As a result, a Kenyan farmer in a remote district can now obtain information about crop prices or transfer funds, without having to travel long distances and wait in lines.
While such initiatives cannot solve the problem of inequality, they can help to relieve some of its most damaging effects.
At a time of rapid social change and relentless technological advancement, efforts to improve governance — at the local, national or international level — will require careful thought and experimentation in order to determine how to balance inclusive decision-making with the ever-evolving needs of markets. As the US diplomat Harlan Cleveland once asked, “How will we get everybody in on the act, and still get some action?”
Consider international institutions. Today, the world is organized into about 200 countries; in all likelihood, it will be in 2050 as well. However, only 16 governmental entities account for two-thirds of the world’s income and two-thirds of its population. Many have advocated the use of “double majorities” — which require a majority of votes according to two separate criteria, population and economic output — to elicit action from a manageable number of states while enhancing weaker states’ influence in decisionmaking.
However, though the G20 has moved in this direction, the approach to setting a global agenda remains flawed. Indeed, it seems to be most effective in times of crisis; in more normal times, as we have seen, the G20 struggles to get things done.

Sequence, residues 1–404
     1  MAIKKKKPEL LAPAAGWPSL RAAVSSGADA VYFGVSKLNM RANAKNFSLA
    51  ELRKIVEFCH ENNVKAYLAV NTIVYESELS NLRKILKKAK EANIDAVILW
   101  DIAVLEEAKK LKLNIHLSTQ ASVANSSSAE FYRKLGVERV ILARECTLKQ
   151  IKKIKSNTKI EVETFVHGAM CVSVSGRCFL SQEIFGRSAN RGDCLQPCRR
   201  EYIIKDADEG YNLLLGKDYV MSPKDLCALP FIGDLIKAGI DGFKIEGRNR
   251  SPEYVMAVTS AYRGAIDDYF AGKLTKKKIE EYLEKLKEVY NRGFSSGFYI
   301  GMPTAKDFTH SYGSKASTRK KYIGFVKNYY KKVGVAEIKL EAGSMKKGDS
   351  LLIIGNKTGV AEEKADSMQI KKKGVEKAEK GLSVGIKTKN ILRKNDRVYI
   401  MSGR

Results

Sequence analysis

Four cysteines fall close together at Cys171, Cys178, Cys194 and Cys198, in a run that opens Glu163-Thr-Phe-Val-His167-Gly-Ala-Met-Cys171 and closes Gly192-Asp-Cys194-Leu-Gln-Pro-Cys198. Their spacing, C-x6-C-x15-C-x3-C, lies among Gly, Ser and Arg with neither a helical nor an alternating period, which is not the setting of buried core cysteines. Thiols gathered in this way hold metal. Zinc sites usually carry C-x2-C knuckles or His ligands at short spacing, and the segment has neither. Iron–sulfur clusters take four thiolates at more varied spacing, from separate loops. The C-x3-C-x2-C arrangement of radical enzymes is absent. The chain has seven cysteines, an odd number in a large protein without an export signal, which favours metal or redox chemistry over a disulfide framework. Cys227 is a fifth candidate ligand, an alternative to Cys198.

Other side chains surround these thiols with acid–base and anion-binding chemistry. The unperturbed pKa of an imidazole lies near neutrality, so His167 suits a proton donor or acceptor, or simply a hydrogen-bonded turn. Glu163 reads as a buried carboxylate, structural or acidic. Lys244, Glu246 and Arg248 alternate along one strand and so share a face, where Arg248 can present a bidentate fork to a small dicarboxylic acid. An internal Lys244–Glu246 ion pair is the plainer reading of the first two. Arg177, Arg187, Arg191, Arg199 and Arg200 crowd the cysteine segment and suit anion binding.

Moreover, even if the double-majority system helps to empower some weaker states, it does not account for the role of the world’s smallest countries in global decisionmaking processes. Although these countries represent a small share of the global population, they comprise a significant majority of the total number of countries.
One potential solution would be for states to represent each other, as occurs in the IMF. However, the fund’s experience exposes significant challenges in implementation.
World leaders have not yet figured out how to reconcile the moral conviction that all people are equal with the simple fact that all countries are not.
In a global information age, governance systems capable of addressing fundamental issues like security, welfare, liberty and identity will require coalitions that are small enough to function efficiently and a decision concerning what to do about those who are underrepresented.
Obviously, all of this calls for a lot more investigation. Exploring potential future scenarios, as the WEF has done, is an important step in the right direction.
Joseph Nye is a professor at Harvard University and chairs the World Economic Forum’s Global Agenda Council on the Future of Government.
Copyright: Project Syndicate